Good link building has developed around the idea of earning links with great content. Here are a few ideas on how your content marketing can earn links, improve SEO and grow your business.
There’s a lot of uncertainty today about link building. In some cases, it’s a great thing for SEO and online visibility, but in others, it can get your site ranked lower in a Google search.
Based on prevailing SEO wisdom, high-quality links help. These links, which are usually earned, come from:
- Major media sites such as Forbes, The Harvard Business Review, The Wall Street Journal and The New York Times. Maybe even from Cat Fancy or Four Wheeler, depending on your industry.
- Prominent business organizations such as your local Chamber of Commerce or Better Business Bureau.
- Context-based sites. For example, a link from ESPN would be helpful for a sports-based business while a link from a tech site would not be as beneficial.
Low-quality links hurt. They are generally from spammy and manipulative sources such as:
- Most directory sites.
- Sites that publish low-quality articles.
- Any site that would sell you a link.
Unfortunately, there are no clear criteria for assessing link quality, and even a good link can turn bad if its source goes downhill. As Google continues to change what is and is not OK, what’s valuable today may be a liability tomorrow.
Regardless of the quality issues, Google and other search engines still depend on links to rank sites, and experts like Matt Cutts say SEO and link building are alive and kicking.
I believe them.
That’s why it’s important to build quality links by creating great content.
The Difference Between Links And Shares
It’s important to understand the difference between links and shares. Links connect one website to another. They can help increase your site’s traffic and awareness, but more importantly, they are great for SEO. Google and other search engines weigh them very heavily and use them to organically boost your site’s ranking.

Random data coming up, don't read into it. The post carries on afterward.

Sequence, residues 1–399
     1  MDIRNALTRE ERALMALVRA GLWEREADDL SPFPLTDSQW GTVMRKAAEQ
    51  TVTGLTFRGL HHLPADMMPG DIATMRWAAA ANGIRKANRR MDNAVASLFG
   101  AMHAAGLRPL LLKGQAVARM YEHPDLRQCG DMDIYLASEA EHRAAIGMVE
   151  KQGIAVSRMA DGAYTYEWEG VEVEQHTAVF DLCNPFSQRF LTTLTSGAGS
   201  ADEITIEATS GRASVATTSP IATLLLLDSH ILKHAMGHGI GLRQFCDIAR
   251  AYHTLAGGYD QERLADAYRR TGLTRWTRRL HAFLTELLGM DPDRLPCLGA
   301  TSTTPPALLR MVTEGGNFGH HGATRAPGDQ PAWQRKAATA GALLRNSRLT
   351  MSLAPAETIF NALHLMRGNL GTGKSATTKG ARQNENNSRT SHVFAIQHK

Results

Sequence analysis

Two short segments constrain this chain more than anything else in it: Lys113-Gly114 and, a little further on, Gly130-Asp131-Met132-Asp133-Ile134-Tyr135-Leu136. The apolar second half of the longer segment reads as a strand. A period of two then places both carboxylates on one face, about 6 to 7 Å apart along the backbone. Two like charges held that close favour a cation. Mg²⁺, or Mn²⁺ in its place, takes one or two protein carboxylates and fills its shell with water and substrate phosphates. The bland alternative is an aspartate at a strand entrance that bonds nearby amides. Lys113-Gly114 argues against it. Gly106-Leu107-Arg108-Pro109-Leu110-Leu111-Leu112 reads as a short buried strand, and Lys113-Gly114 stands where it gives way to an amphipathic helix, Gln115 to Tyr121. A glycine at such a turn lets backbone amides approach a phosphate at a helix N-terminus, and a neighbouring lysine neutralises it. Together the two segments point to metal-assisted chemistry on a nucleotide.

Shares, which are done via social media, connect other social media accounts or link a social media account to content on a website. As a social indicator, they are very helpful for driving traffic and awareness at the time they’re shared, but they do very little to improve your site’s SEO and search engine rank.
Stop Trying To Get Links. Start Earning Them.
It’s time to stop purely SEO-focused link building.
The links we want from top-notch content tend to be top-notch links.
These are not the links that we’re trying to get; these are the links that come organically and are according to Rand Fiskin, “…editorially-given, generally unasked for and often times unintentional links that come from doing good, interesting stuff.”
Another way to say this is that it’s better to earn your links than to pay for them – or beg for them or to do anything else to get them.
As Neil Patel wrote recently:
“Avoiding penalties while building links isn’t about luck. It’s about earning links. The types of links that Google penalizes sites for are low-quality or bought links. If you can buy it on Fiverr, it’s not a good link. Period.
The penalties for shady links can be steep. If Google’s algorithm detects unnatural links, they can degrade a webpage or even an entire site in the rankings, which can slash traffic. Violating sites won’t appear on a search’s first page, and some violators won’t even rank at the top for their own name.
According to SEO expert Jayson DeMers, it appears Google is trying to nudge webmasters toward earned links.
See a pattern?
Use Old-school Link Bait